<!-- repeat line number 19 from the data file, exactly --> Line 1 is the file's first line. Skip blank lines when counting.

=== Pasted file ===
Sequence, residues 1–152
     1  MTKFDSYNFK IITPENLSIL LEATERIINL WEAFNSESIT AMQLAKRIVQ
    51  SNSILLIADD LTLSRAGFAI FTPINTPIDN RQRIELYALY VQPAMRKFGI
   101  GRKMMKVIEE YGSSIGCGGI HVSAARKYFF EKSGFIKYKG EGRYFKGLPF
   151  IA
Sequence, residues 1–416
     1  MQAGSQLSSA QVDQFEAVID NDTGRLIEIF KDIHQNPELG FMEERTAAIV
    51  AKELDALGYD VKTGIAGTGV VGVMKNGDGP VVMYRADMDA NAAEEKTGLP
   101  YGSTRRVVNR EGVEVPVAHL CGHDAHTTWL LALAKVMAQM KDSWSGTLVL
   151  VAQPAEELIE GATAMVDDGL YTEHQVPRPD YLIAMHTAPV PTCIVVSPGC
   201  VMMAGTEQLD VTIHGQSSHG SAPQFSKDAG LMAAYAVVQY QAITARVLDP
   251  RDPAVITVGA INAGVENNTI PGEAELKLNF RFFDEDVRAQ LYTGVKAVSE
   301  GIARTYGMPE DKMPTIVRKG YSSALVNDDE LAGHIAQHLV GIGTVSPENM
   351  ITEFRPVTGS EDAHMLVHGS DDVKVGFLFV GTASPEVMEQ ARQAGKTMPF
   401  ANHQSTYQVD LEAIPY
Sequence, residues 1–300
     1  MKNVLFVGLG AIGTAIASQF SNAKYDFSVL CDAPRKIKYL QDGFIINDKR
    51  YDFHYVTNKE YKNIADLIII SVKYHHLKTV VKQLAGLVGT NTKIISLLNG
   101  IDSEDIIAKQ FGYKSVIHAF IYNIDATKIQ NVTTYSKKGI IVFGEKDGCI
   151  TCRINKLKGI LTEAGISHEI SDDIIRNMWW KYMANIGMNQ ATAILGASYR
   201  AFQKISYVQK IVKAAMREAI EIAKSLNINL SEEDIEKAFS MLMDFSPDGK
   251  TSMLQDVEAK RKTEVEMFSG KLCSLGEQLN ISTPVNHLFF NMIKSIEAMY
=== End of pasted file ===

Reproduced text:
   101  IDSEDIIAKQ FGYKSVIHAF IYNIDATKIQ NVTTYSKKGI IVFGEKDGCI